As the result of scientific research, we can say that political-ideological positions that are based both in reason and emotion display a high degree of stability, and are almost immune to the enemy’s ideology. Young people with stable social values are in a position to meet social developments, even relatively unexpected ones, from a class standpoint, and to act accordingly.
Good propagandists whose ideological activity always seeks a unity of thinking and feeling never separate events, facts, and developments from the viewpoint of social progress.
Following the aspects here discussed will lead to better conversations with young people, reach each individual with the help of the whole leadership group, and encourage a real exchange of thoughts and opinions, thus communicating our worldview in a persuasive way.
[I omit several sections on using GDR media in working with the youth.]
The battle against the influence of imperialist mass media
The GDR is open to the world, which requires particular attention to ideological class conflict. Around the clock, imperialist radio and television stations beam to the GDR, attempting to influence the citizens of the GDR with imperialist ideology by clever means and methods The opponent has openly stated that young people are a target group of his ideological diversion. He reasons that young people do not know the opponent through direct experience, and also knows very well that he who has the youth has the future. One can say that an ideological battle for the youth is being waged over the airwaves.
We know today that, despite his organized psychological warfare and his attempts at ideological diversion, the opponent has not succeeded in hindering the development of consciousness in our young people. In view of the successes of the policy of peaceful coexistence on the part of the socialist nations, and in view of high inflation, mass unemployment, and other signs of crisis in capitalist countries, the imperialist monopoly bourgeoisie is attempting “to subvert socialism from within.” The opponent pursues his goal of stopping, or at least slowing down, socialist development with a wide variety of means and methods of ideological diversion. Thousands of specialists, scientists, experienced journalists, artists, etc., work intensively on radio and television to reach various groups of our population, especially the youth. The palette ranges from political news, hit songs, entertainment programs and advertising to direct incitement against socialism, the party and the FDJ. It includes flattering words about those accomplishments of socialism that cannot be ignored, along with “good advice” for improving socialism, given by people who call themselves socialists or Marxists. The goal is not always direct influence. They want to get people used to tuning in to particular stations and programs at certain times, which can then turn to imperialist propaganda at the needed time.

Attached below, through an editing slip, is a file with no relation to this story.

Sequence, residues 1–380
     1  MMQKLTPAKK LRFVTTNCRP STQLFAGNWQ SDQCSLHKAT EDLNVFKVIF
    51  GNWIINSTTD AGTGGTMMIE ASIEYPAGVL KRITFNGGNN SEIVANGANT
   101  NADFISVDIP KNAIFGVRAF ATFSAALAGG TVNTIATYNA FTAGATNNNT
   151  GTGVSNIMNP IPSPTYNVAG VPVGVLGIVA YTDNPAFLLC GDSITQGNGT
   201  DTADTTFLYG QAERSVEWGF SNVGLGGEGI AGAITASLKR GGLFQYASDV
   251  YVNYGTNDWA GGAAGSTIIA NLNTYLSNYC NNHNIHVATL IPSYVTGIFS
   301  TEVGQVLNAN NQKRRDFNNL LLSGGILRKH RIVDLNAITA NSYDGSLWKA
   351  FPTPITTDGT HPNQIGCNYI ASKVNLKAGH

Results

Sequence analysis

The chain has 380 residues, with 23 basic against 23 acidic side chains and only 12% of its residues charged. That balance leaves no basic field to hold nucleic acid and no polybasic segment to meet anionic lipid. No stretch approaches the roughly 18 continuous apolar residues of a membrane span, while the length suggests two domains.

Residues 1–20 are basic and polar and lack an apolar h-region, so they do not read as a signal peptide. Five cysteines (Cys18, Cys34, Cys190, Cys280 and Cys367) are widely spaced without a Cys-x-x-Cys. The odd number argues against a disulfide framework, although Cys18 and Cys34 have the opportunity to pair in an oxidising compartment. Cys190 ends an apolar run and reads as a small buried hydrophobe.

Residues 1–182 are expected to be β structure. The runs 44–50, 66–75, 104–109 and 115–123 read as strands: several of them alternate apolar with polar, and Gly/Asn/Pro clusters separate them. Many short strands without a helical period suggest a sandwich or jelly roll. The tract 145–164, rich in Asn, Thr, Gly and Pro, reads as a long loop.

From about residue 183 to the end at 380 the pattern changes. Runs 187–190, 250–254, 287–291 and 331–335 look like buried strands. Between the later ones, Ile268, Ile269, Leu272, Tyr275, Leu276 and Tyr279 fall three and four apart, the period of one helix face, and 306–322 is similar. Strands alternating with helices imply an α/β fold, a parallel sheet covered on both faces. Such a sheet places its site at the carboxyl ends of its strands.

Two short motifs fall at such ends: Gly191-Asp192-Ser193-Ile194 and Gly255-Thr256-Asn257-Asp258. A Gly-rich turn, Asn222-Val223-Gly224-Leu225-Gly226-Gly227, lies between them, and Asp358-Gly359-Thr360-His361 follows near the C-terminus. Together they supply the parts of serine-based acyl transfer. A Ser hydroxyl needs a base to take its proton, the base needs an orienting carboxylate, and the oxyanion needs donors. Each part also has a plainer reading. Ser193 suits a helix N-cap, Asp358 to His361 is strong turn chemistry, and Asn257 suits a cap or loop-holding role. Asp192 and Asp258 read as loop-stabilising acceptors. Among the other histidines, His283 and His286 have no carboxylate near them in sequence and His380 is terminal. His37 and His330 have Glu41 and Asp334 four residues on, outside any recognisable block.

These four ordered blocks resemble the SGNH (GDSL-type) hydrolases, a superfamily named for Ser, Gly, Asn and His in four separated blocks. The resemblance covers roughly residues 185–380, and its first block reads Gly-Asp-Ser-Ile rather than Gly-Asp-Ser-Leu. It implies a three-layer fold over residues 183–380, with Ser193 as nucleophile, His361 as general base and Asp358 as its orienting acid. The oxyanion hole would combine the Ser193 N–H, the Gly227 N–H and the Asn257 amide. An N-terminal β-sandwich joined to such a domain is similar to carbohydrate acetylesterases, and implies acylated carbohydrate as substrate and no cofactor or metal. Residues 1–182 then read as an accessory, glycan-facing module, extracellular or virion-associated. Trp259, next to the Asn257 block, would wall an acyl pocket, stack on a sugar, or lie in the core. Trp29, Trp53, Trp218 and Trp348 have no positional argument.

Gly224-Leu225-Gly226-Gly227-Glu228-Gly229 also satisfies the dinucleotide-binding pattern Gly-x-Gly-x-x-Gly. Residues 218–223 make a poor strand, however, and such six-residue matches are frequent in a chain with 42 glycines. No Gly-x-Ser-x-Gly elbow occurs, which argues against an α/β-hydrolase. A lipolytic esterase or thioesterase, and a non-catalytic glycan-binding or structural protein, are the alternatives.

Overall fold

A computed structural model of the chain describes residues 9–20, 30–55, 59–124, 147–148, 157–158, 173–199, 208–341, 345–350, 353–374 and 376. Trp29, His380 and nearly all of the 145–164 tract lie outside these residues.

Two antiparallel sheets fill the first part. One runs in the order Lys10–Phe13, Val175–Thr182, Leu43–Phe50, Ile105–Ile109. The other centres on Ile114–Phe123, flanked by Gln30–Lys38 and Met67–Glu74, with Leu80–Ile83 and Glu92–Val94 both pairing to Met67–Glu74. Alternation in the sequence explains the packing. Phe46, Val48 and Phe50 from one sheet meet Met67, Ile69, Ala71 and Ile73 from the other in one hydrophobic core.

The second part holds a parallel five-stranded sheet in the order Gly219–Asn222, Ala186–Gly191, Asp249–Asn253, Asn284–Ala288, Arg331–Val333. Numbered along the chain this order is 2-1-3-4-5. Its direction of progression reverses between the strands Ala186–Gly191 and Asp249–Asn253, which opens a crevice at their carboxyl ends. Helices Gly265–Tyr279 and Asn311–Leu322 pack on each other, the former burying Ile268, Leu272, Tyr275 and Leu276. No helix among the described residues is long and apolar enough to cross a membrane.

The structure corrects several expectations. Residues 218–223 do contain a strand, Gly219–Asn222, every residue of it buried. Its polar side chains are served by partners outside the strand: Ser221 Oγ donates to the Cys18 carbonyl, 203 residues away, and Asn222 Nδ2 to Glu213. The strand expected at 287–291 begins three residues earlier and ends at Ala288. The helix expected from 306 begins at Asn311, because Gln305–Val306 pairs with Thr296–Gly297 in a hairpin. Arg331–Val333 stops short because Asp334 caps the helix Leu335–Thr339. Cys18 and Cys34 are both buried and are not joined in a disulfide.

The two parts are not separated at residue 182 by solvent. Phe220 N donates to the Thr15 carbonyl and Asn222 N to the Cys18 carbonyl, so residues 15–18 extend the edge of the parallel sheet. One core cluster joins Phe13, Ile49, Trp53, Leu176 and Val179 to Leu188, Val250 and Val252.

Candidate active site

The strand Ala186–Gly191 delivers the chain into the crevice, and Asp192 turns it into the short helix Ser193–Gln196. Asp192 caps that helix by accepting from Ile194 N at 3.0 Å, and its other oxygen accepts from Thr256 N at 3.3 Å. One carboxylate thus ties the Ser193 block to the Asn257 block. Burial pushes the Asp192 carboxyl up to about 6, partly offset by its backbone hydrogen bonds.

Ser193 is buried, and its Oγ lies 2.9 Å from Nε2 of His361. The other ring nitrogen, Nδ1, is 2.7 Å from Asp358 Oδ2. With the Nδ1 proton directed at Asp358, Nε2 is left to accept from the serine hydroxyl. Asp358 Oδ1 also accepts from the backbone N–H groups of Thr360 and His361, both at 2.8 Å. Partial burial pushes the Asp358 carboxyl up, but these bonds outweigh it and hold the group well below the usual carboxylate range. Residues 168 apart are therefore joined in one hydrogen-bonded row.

This is not the place to list the whole arsenal of propaganda methods and techniques that can be used. The huge resources the enemy uses are necessary because he cannot simply state his ideological goals and intentions, but rather must “work behind the scenes,” concealing his true aims and intentions. The FDJ has always conducted a principled battle against bourgeois ideology and its lifestyle. One of its most important goals is equipping all members and young people to respond independently and actively to bourgeois ideology and its lifestyle. The ideological work of FDJ groups enables young people to see through the opponent, regardless of the mask he may be wearing. The best defense against imperialist mass media is lively ideological and intellectual-cultural work in FDJ collectives. Enabling the ability to respond to bourgeois ideology means supporting the youth in firmly establishing a Marxist-Leninist worldview, such that they not only know it, but can use it. The ability to actively use Marxism-Leninism independently in dealing with bourgeois ideology is of decisive importance. A high level of ideological work in FDJ collectives is therefore also an effective weapon in fighting the influence of bourgeois ideology. The ability independently to recognize the bourgeois ideology and its lifestyle depends on the level of independent and active mastery of socialist ideology. In the mass political work of the FDJ, it is important to make clear to each FDJ member the superiority of our worldview over against bourgeois ideology. Each day, the goal is to persuasively show, on the basis of concrete themes and the questions young people have that only Marxist-Leninism offers a scientific explanation of social processes, while bourgeois ideology is forced to conceal, twist, and distort the real processes, events, and connections in the class interests of the monopoly bourgeoisie. Our mass media help to present the corresponding facts, information, and arguments.
In the ideological work in FDJ collectives, and in the facts and evidence used, it is necessary to make all young people clear about the class character of the imperialist mass media. That also means providing clear examples of the content and methods if ideological diversion in imperialist mass media. The program The Black Channel provides important support by giving current examples. [This was a notorious GDR television program that provided commentary on clips taken from West German television. It was one of the least popular shows on GDR television.] Mass media are class media! This conviction must be strengthened and firmed up in all young people. That is a constant goal of our ideological work.